Background and objectives: Missing information is inevitable in longitudinal studies, and can result in biased estimates and a loss of power. One approach to this problem is to impute the missing data to yield a more complete data set. Our goal was to compare the performance of 14 methods of imputing missing data on depression, weight, cognitive functioning, and self-rated health in a longitudinal cohort of older adults.
Methods: We identified situations where a person had a known value following one or more missing values, and treated the known value as a "missing value." This "missing value" was imputed using each method and compared to the observed value. Methods were compared on the root mean square error, mean absolute deviation, bias, and relative variance of the estimates.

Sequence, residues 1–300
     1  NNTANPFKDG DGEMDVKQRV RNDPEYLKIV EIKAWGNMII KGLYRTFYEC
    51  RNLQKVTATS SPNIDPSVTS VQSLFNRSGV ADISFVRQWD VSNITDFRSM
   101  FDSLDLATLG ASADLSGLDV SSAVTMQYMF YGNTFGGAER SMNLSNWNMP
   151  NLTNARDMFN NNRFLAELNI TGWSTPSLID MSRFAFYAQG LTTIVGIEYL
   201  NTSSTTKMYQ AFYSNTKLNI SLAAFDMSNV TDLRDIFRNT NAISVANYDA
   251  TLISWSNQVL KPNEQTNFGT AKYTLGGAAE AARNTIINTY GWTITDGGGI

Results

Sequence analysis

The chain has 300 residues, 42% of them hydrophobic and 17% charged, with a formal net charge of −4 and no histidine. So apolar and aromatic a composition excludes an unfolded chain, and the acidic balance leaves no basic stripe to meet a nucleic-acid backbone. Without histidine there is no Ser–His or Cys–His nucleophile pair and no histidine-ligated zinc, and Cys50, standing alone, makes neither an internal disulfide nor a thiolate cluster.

Results: Most imputation methods were biased toward estimating the "missing value" as too healthy, and most estimates had a variance that was too low. Imputed values based on a person's values before and after the "missing value" were superior to other methods, followed by imputations based on a person's values before the "missing value." Imputations that used no information specific to the person, such as using the sample mean, had the worst performance.
Conclusions: We conclude that, in longitudinal studies where the overall trend is for worse health over time and where missing data can be assumed to be primarily related to worse health, missing data in a longitudinal sequence should be imputed from the available longitudinal data for that person.